One of the issues that cause the most disaffection, amongst rural demographics nationwide, is the dreadful condition of Ghana's rural road network. That disaffection has the potential to undermine our democratic system. We must therefore look to the private sector for funding the construction of new roads and to rehabilitate all existing roads - as bad roads actually hinder economic activity, cause accidents, damage vehicles and give rise to citizenry-disaffection nationwide.
In media vox populi, after media vox populi, respondents across vast swathes of the GhanaIan countryside, have indicated clearly that they will not vote in upcoming national elections, if existing rural roads where they live and work in, aren't rehabilitated. Clearly they have not had their fair-share of the democracy-dividend: and that is a national security issue.
Some estimates indicate that Ghana's total road network amounts to 67,291 km - out of which 42,394km happen to be rural roads, while 12,785km out of the total are urban roads. Since the 1992 Constitution was promulgated, every administration elected to power, thus far, has done its best to find funding, to enable it build new roads and rehabilitate existing roads.
If funding were available, there is no question that Ghana would have some of the best roads on the surface of the planet Earth - for it is an aspirational-society lucky not to suffer from a dearth of competent entrepreneurs in the road construction sector of its national economy. The time has therefore now come for our ruling-élites to walk the talk, and actualise their mantra-of-convenience that in their view, the private sector ought to be the engine of growth for Ghana's real economy.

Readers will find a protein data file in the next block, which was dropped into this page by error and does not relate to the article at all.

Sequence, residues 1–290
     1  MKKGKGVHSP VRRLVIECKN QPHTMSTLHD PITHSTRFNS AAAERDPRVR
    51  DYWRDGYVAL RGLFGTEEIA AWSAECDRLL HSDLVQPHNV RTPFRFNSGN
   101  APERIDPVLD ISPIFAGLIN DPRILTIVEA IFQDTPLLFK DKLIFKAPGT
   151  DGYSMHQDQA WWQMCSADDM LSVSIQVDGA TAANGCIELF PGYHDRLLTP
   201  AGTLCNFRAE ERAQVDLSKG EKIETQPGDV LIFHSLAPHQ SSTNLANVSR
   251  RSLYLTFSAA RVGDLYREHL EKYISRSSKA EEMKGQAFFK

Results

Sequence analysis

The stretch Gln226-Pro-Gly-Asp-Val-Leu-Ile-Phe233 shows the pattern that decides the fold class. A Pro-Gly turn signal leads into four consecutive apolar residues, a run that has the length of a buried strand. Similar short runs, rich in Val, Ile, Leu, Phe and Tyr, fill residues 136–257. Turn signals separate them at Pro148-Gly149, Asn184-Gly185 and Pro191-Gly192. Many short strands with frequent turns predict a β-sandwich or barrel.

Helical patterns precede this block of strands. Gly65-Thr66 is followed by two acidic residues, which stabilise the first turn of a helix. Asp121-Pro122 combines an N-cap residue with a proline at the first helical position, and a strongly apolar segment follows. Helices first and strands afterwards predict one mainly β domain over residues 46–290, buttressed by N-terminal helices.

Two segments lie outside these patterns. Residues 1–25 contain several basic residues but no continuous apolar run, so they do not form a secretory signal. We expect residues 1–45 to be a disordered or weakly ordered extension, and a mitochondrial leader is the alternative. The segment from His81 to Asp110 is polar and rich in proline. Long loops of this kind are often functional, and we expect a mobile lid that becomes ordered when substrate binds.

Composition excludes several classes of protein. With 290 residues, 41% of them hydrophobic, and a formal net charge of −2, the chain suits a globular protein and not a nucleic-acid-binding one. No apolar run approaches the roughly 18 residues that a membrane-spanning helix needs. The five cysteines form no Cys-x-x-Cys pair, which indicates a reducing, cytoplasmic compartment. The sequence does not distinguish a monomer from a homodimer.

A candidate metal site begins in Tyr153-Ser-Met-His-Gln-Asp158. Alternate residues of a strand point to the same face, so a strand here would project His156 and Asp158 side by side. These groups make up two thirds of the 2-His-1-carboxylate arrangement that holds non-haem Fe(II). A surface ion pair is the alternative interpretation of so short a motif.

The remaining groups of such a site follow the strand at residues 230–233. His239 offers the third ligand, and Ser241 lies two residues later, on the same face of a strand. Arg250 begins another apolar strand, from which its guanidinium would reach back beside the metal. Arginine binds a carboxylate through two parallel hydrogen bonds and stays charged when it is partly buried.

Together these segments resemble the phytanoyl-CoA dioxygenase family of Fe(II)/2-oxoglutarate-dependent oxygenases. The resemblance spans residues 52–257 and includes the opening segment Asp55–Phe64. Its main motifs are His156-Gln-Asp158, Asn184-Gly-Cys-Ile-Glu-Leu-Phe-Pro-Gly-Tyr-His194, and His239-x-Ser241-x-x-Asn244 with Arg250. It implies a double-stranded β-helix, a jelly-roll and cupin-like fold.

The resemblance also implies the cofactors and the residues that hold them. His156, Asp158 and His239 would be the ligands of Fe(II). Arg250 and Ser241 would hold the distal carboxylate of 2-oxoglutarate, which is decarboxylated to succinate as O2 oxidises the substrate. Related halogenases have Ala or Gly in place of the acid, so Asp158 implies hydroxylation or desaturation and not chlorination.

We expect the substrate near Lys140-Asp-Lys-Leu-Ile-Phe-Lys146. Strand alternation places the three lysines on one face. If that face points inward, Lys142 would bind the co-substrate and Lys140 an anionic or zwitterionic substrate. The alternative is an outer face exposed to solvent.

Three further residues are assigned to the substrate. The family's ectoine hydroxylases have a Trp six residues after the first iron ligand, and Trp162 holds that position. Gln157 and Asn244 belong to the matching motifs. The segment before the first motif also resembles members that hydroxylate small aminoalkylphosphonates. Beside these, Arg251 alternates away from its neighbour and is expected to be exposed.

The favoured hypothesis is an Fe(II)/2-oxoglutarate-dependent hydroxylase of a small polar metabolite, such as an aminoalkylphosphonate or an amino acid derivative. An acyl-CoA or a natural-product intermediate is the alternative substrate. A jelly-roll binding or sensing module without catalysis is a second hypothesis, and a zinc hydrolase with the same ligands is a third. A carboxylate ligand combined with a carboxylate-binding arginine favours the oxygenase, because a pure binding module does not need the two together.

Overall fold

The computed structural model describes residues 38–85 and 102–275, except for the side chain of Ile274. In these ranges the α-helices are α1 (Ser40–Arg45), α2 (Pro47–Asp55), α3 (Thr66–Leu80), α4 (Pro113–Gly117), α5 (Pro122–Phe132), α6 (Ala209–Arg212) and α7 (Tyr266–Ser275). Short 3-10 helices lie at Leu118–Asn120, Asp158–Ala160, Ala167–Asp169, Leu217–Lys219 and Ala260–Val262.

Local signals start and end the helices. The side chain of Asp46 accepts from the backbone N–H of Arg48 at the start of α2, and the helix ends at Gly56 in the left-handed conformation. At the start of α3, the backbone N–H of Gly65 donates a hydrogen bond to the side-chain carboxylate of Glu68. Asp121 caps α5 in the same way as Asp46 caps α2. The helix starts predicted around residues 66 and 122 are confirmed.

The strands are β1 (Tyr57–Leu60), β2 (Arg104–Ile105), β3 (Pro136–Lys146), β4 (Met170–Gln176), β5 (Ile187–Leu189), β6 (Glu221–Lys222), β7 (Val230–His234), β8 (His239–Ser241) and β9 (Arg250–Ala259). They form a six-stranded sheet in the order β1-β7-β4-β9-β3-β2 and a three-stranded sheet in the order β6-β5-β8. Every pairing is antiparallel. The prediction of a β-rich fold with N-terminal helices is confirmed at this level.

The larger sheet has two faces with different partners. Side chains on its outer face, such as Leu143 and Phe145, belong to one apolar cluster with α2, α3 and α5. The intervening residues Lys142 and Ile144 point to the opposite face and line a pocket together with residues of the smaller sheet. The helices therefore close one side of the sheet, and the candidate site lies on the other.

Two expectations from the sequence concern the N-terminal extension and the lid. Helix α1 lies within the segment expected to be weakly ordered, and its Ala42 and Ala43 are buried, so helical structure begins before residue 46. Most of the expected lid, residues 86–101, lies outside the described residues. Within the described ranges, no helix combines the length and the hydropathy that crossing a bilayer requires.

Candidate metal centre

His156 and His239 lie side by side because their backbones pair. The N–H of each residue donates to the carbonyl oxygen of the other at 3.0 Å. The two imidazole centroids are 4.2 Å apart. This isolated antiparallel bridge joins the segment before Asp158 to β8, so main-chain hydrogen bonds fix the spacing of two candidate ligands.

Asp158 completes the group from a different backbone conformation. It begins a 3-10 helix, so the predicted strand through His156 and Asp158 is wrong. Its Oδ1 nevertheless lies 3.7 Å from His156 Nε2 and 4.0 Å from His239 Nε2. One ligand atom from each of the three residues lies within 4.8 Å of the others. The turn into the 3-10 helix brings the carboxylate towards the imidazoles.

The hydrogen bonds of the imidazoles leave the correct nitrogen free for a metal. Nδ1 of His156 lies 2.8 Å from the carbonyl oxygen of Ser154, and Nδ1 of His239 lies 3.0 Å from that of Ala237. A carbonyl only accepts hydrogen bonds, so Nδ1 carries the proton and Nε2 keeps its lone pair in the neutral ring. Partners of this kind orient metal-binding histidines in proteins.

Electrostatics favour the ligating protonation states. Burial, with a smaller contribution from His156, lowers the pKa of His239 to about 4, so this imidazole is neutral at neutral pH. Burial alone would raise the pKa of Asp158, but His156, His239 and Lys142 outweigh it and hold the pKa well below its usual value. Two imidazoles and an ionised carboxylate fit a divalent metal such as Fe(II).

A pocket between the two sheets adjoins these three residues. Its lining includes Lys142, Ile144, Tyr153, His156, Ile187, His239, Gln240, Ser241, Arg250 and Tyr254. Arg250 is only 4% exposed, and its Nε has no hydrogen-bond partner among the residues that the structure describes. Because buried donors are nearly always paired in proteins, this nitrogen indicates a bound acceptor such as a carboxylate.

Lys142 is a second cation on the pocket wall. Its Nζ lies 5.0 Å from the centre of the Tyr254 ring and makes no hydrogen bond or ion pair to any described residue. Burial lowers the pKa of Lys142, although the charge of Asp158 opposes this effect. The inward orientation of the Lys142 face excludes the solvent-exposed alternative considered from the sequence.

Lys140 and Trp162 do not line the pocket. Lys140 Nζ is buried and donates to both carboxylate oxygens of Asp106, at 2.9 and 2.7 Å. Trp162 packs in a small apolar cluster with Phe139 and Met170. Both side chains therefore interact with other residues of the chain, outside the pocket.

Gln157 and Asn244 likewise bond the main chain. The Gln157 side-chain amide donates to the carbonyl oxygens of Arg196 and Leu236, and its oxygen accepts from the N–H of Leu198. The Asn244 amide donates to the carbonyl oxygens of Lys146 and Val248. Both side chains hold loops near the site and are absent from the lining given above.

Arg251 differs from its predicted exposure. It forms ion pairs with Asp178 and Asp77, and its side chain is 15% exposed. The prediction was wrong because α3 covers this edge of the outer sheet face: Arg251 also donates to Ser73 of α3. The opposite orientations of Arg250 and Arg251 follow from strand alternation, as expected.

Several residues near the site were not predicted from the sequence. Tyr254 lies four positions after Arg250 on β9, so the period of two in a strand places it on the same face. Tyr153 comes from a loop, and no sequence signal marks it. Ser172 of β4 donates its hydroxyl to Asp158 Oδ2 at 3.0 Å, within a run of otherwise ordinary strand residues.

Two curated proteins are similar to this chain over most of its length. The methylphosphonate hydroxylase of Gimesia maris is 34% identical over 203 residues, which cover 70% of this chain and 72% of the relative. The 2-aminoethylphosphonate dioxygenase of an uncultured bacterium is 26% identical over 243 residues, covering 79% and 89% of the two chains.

Let them now be bold and imaginative - and move to invite road construction companies from around the world, noted for using bleeding-edge technologies, to come and self-finance the building of new tolled roads, and to rehabilitate existing ones, nationwide: and turn Ghana's entire road network into tolled roads to recoup their investments tax free, over a period of 35 years.
In that regard, one humbly recommends the affordable and cutting-edge Ecoroad road construction technology, developed by the giant U.S. road construction company, Terrafusion International, to our ruling-élites. The company can partner private-sector Ghanaian entrepreneurs, the 48 Engineers Regiment of the Ghana Armed Forces and local communities, nationwide, as joint-venture public private partnership projects (PPP), on a build, operate and transfer basis. If we are to achieve our national-goal of becoming competitive enough to attract the investment needed to make Ghana the hub of manufacturing for the African Continental Free Trade Area, we must have a modern and workd-class tolled roads network nationwide. Self-financing road construction companies will make that possible in shortest possible time--frame.
By Kofi Thompson